By: Mariah Wilson
December 4, 2011 marked a historical day for theUnited Kingdomwhen two giant pandas were presented toScotlandfromChinaas a gift of goodwill. Scotlandhas been without endangered bears in the country since 1994, when their giant panda, Ming Ming, was shipped back toChina. The two Pandas, affectionately known as “Sweetie” and “Sunshine” were transported by FEDEX on an 11 hour flight, which included a personal vet and in-flight meals. The giant pandas traveled in a Boeing 777, flown by four pilots with ‘extensive experience’ and were greeted with Scottish bagpipes as they landed.
The transfer betweenChinaandScotlandtook five years to complete and included negotiations held by Chinese and Scottish officials coupled with input from both British and Scottish royalty. The Royal Zoological Society of Scotland, the charity organization that runs the Edinburgh Zoo where “Sweetie” and “Sunshine” are to call home, commenced talks regarding acquiring a pair of pandas as early as 2006. Over years of negotiations, Scottish officials paired with the China Wildlife Conservative Association and made arrangements for the giant pandas to be flown fromChina. It will take an estimated $70,000 a year to care for the endangered species in their new home.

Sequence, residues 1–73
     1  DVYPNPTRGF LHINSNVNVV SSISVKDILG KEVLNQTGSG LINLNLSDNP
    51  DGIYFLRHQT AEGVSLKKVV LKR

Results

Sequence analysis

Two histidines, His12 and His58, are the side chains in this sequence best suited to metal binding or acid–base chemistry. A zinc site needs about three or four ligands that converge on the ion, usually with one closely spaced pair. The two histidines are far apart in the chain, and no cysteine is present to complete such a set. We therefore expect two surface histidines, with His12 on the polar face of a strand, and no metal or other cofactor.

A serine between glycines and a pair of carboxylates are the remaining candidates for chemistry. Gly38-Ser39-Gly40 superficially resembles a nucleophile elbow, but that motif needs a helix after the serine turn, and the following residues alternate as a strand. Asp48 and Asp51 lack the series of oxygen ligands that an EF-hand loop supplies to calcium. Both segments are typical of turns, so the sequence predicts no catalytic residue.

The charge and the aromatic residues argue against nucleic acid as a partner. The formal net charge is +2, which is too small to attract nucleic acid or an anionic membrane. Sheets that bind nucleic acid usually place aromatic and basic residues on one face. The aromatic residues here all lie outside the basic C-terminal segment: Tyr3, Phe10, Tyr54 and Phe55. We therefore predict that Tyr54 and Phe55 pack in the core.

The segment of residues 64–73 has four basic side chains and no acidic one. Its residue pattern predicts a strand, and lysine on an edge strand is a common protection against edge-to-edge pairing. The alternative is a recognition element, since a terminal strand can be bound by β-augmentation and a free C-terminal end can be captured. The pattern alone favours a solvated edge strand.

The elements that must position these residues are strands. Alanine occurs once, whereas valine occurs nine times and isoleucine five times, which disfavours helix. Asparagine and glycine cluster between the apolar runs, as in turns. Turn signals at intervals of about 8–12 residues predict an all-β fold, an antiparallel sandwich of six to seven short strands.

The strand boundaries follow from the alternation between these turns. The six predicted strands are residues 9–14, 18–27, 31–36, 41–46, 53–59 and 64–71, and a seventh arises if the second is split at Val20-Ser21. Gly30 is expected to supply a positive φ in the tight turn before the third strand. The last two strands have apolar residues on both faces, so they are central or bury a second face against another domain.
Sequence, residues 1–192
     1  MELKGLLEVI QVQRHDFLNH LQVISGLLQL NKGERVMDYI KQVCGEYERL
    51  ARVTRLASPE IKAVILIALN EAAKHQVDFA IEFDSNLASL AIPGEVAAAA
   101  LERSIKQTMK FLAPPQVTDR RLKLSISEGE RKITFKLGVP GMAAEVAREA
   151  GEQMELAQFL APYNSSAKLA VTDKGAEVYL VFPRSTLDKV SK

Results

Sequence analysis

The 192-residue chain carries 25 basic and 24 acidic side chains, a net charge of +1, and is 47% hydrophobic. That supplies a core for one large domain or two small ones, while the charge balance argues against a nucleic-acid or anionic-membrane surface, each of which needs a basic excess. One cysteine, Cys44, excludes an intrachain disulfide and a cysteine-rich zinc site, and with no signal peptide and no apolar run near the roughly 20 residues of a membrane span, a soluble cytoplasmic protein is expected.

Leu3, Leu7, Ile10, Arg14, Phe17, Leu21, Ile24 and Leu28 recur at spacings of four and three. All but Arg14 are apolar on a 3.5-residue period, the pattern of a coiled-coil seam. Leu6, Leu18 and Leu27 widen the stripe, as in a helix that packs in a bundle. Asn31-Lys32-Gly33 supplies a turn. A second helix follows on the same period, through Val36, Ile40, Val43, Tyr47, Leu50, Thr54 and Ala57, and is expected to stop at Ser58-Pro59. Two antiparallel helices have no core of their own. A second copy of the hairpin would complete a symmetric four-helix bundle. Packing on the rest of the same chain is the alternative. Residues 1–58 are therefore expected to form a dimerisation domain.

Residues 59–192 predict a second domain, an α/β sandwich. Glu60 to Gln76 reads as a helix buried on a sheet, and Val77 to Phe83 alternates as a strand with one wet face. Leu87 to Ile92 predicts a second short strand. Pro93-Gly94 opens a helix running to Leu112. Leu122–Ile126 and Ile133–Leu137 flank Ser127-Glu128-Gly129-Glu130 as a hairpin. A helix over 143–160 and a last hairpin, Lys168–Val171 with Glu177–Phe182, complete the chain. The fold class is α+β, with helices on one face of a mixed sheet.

The transfer of “Sweetie” and “Sunshine” was not the first time that giant pandas were used in as a tool to enhance aUnited Kingdomcountry’s relations withChina. In 1974, British Prime Minister Edward Heath received two giant pandas when he visited the country ofChina. Since the endangered giant panda is a treasure to the Chinese population, receiving the two bears is seen as a special gift in the effort to bring theChinaandUnited Kingdomcommunities together.